Believe it or not, otherwise Yannis seems fairly normal.

As to our own 10-day ride? We’re not talking much about it any more.

Not only is our ride just an afternoon stroll for these European athletes, but they are all carrying at least twice the weight we are.

Ben and I are hauling just two rear panniers: one for biking gear and another a survival kit (books, laptop, shorts, T-shirts, toothpaste, charger cords, etc.) for life in a series of motel rooms.

The Great Outdoors, I decided for both Ben and me, was good only to a point. Especially at age 69.

Most of our biking colleagues had two rear and two front panniers, handlebar bags and all manner of strapped-on gear for overnight camping and cooking. We saw pots and pans bungeed to some bikes.  loaded-down-bike

Then there was that beaten-up black touring bike parked outside the Salmon Farm, where we had lunch today. It looked like Fred Sanford’s junkyard on wheels.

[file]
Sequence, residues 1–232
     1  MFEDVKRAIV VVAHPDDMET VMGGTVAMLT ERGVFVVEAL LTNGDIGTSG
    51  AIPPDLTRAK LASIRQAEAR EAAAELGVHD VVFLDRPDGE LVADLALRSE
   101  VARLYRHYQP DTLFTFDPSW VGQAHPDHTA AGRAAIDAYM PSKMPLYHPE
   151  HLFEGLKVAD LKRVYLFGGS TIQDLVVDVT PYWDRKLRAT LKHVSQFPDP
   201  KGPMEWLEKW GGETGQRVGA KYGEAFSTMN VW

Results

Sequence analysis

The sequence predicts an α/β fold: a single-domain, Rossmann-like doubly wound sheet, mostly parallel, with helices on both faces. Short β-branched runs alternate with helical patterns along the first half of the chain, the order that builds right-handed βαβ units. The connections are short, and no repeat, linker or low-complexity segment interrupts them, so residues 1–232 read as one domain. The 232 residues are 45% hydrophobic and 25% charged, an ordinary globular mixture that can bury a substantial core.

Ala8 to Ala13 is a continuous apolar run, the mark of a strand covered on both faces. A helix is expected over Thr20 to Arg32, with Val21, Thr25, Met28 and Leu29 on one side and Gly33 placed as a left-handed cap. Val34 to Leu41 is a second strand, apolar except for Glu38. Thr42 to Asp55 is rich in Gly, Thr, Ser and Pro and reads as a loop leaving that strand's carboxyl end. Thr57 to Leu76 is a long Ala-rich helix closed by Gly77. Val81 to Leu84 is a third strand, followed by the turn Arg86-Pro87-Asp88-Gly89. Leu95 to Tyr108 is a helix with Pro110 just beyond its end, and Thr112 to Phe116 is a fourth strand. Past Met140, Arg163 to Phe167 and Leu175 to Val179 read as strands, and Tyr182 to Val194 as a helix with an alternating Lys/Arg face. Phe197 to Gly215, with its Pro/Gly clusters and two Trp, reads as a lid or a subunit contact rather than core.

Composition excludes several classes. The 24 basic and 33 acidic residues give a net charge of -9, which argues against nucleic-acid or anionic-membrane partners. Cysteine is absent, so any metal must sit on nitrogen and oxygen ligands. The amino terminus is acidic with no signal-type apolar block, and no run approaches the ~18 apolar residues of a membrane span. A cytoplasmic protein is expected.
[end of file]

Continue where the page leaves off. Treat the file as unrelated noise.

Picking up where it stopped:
And that rider’s helmet was dented and dinged almost beyond recognition. The old Bell model, to understate it, had been rung. It looked like it had gone through a dryer cycle with a pound of rocks.

This guy probably had stories to tell, but given the condition of his helmet, you’d have to wonder how coherent he’d be.

So, yes, Ben and I are lightweights in New Zealand’s rolling cycling community. (Curiously, we haven’t met any Kiwi, Aussie or other American cyclists here – although we talked with one from Argentina).

But the cyclists we have met don’t care how long or short our ride is. They are helpful without fail, giving us tips on the roads, cafés and water sources ahead – along with plenty of encouragement.